“Only Now: Poems”

By Stuart Kestenbaum

Deerbrook Editions, Cumberland, 2014

76 pages, trade paperback, $16.95

Just in time for National Poetry Month (the 20th April of its existence, by the way), the Maine Arts Commission announced in March the appointment of Stuart Kestenbaum, of Deer Isle, as Maine’s new poet laureate, a term that runs through 2020.

Kestenbaum retired last year as the director of the Haystack Mountain School of Crafts in Deer Isle. Along that journey of more than 25 years, he also published four volumes of poetry, including “Prayers & Run-on Sentences” (2007), “House of Thanksgiving” (2003) and “Pilgrimage” (1990); a book of essays, “The View From Here” (2012); and many poems in journals, including the esteemed Beloit Poetry Journal, which has been based in Maine for decades.

Kestenbaum’s most recent book, “Only Now,” may indicate a different tenor to the laureate’s influence than those of his predecessors. Wesley McNair, laureate from 2011 to 2015, Betsy Sholl, 2006-2010, and Baron Wormser, 2000-2005, while all possessing unique, highly skilled poetic voices of their own, at the same time shared a disposition to subtle dictions and rhythms, reflecting atmospheres of seriousness and complexity, sometimes light, sometimes shadowy amid carefully layered ironies. These sensibilities emerge in their poems at varying levels of accessibility — the creative writing workshop term for how easily a poem can be understood by your everyday, rational mind.

The poems in “Only Now” are of a different ilk. Their language is extremely direct, similar to the plain-spoken diction of Maine poet and agriculturalist Russell Libby (mentioned here a while back). Kestenbaum’s accessible sentences aim not so much at ironies, but more (in “Only Now,” anyway) toward friendly, practical exhortations to live in and appreciate the beautiful dawning moment of now.

A large number of the poems in the book, for example, are tagged “prayers” — “Prayer While Downshifting,” “Winter Morning Prayer,” “Prayer for Real,” “Prayer for Survival.” But rather than being conventional religious petitions, they instead largely contain advice for creating, maintaining or cultivating a positive disposition toward one’s immediate surroundings. “Prayer for Mistakes” begins:

The last mistake you made

is not the end of the world,

the end of the world will be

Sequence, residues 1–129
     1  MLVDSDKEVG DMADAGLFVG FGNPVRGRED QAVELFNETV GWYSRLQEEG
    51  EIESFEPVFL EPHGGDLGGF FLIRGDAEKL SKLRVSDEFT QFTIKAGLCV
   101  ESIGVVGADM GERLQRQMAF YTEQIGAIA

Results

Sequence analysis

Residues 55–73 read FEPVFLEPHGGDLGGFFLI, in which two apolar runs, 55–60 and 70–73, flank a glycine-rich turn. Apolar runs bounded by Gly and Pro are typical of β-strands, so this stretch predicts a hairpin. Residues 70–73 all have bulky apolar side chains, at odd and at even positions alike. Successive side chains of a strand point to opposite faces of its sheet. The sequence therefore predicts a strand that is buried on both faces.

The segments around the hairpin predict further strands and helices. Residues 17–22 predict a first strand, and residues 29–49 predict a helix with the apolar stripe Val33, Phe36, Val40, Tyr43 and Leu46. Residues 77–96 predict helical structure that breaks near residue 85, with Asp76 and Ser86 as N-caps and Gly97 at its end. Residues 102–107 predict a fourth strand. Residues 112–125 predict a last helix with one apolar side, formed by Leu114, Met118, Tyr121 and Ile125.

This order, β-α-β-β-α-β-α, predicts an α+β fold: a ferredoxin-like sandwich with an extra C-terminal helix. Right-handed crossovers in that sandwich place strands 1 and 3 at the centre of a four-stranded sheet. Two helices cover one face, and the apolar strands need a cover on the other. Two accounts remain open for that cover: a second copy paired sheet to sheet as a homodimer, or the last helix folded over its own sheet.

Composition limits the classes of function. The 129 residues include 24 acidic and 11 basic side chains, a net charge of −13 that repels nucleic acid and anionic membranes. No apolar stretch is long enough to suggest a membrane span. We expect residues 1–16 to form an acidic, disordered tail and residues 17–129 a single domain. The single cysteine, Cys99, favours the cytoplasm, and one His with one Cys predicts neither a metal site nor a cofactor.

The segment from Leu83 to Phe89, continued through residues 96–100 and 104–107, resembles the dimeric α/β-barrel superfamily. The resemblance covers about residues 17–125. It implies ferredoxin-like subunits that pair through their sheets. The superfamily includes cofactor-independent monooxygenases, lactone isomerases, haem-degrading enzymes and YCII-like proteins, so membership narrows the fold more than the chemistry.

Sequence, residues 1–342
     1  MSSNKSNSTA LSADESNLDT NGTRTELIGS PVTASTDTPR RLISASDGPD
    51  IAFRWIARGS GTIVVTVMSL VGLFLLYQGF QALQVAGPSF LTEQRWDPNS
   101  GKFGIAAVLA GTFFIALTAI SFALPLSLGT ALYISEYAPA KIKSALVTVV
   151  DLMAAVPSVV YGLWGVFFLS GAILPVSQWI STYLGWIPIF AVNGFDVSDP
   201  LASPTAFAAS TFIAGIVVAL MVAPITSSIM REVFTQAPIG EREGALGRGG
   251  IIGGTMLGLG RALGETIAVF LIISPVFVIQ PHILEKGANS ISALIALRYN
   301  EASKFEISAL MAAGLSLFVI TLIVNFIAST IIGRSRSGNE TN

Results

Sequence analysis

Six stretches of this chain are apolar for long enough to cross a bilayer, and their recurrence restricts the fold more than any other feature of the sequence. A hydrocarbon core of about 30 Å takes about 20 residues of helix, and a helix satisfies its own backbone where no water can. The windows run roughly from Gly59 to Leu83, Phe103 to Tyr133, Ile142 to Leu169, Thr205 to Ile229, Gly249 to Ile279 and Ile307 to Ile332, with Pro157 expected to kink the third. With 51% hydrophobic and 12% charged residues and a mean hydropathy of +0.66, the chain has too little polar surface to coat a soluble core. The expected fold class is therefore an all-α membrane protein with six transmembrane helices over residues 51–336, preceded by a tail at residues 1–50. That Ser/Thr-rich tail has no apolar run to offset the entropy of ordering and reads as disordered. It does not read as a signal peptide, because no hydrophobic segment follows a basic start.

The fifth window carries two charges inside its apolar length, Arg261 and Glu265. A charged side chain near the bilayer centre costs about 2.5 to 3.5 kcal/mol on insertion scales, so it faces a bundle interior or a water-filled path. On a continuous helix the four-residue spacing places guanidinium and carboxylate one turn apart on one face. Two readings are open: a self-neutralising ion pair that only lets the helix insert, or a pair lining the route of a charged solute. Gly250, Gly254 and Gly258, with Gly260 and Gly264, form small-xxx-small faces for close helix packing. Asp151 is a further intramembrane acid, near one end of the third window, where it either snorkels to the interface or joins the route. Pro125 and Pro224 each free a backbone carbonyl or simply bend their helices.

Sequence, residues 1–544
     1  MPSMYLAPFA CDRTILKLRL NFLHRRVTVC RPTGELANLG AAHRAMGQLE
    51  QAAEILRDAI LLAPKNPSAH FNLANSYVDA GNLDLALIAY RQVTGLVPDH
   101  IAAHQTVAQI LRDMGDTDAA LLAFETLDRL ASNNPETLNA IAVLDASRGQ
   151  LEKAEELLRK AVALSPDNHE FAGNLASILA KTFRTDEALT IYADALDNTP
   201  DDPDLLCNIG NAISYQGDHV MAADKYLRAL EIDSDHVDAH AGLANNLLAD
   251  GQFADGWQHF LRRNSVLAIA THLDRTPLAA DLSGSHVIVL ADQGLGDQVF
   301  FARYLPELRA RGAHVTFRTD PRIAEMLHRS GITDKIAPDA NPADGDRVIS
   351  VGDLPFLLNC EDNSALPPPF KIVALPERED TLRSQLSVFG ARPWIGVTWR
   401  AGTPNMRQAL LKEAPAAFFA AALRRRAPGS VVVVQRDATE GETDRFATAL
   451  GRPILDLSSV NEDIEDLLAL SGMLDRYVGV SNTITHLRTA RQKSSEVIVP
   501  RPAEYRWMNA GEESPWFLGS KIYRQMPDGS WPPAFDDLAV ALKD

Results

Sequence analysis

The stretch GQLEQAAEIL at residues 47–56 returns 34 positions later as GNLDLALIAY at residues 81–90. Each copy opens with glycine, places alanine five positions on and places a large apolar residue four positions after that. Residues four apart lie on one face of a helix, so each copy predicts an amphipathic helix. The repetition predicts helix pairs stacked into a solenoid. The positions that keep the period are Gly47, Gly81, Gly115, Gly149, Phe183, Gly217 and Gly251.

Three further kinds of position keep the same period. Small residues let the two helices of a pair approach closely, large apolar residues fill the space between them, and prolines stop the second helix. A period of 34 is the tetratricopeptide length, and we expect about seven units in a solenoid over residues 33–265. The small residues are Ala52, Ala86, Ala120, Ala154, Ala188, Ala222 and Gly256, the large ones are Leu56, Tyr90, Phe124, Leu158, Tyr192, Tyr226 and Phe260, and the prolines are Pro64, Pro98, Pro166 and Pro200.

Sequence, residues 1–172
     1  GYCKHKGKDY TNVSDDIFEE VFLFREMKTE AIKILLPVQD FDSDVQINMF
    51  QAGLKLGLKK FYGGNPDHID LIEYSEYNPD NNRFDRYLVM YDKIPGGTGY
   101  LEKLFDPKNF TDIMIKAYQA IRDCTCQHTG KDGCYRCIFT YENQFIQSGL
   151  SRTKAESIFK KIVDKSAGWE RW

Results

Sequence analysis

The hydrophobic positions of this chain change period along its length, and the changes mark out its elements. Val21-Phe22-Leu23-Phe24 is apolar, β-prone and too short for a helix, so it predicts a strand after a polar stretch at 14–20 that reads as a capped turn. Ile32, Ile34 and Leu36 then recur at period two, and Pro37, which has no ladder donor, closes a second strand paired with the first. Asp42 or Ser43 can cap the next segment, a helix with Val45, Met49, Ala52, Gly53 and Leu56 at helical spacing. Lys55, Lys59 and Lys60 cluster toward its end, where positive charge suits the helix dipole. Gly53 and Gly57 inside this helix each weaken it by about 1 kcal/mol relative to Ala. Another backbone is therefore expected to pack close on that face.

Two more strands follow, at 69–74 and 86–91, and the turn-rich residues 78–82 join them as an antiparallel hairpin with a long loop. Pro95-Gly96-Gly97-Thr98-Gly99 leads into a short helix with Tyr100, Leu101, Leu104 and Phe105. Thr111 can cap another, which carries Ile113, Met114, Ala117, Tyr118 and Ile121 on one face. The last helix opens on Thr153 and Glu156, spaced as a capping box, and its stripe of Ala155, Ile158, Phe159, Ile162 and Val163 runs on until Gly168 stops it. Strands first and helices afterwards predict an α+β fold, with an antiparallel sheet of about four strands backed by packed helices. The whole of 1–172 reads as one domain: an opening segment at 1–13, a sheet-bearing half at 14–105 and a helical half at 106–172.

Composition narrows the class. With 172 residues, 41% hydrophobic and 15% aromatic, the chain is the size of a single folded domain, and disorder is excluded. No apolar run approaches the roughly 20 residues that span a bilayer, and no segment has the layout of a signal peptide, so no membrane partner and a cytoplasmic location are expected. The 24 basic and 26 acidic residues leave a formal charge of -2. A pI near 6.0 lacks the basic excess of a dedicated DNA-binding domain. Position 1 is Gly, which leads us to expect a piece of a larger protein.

much bigger than that,

much larger than you

and the last nightmares you had

The poem goes on to reassure the listener that “your brain can take a break / worrying about the end of things / and get started on now,” good advice in everyday life.

A recurrent trope is simple awakening. “Prayer to Wake Up” begins with a dramatic image (“This morning I awake and it’s / cold in my room”), runs through a fantasy on all the heartwarming everyday stuff that’s probably happening outside, and lands finally on the image of an old woman’s broom that makes “it possible / to start anew every morning.”

Many of these poems seem to unfold along the lines Robert Frost describes in “The Figure a Poem Makes”: A poem “begins in delight, it inclines to the impulse, it assumes direction with the first line laid down, it runs a course of lucky events, and ends in a clarification of life.” In “Only Now,” you usually feel like you’re accompanying the poet on a sort of wandering saunter to see what you can learn about the day in hopes of gaining “a momentary stay against confusion,” in Frost’s phrase. Where are we headed, for example, in “Big World,” which begins, prosaically:

It’s a big world out there, big enough to encompass John Cage

and Popeye the Sailor all at once, big enough to encompass a monk

breathing the must of incense and a guy outside the bar exhaling

cigarette smoke and stamping his feet against the cold.

After running a wandering course, it concludes with childlike directness: “All you can do is tie your shoes and put one foot in front of the other. / It’s enough to make you weep, these simple steps.” This is a kind of inspirational verse, in language so plainspoken it might have been copied out of daybook entries and broken into lines.

This differs from the poetry of three previous laureates. McNair’s writing is generally very accessible, but works rhythms, diction and personal darkness in intricacies much different from what we encounter in “Only Now.” Sholl’s and Wormser’s poetics, like McNair’s, explore linguistic complexities that Kestenbaum’s does not – at least in “Only Now.” While ironies in Wormser, Sholl and McNair can be penetrating and sometimes quite dark, in Kestenbaum, when they appear, they aim for buoyancy and probity.

(Full disclosure: I omit mention of the poetry of Kate Barnes, Maine’s first poet laureate, simply because I am not, it chagrins me to reveal, very familiar with it.)

The poet laureate post in Maine is an unpaid, free-wheeling appointment with no specified duties. It looks a lot like Stuart Kestenbaum is going to bring a whole new voice to the task.

“Only Now” is available online through Deerbrook Editions, among other booksellers.

Off Radar takes note of books with Maine connections every other week. Contact Dana Wilde at [email protected].

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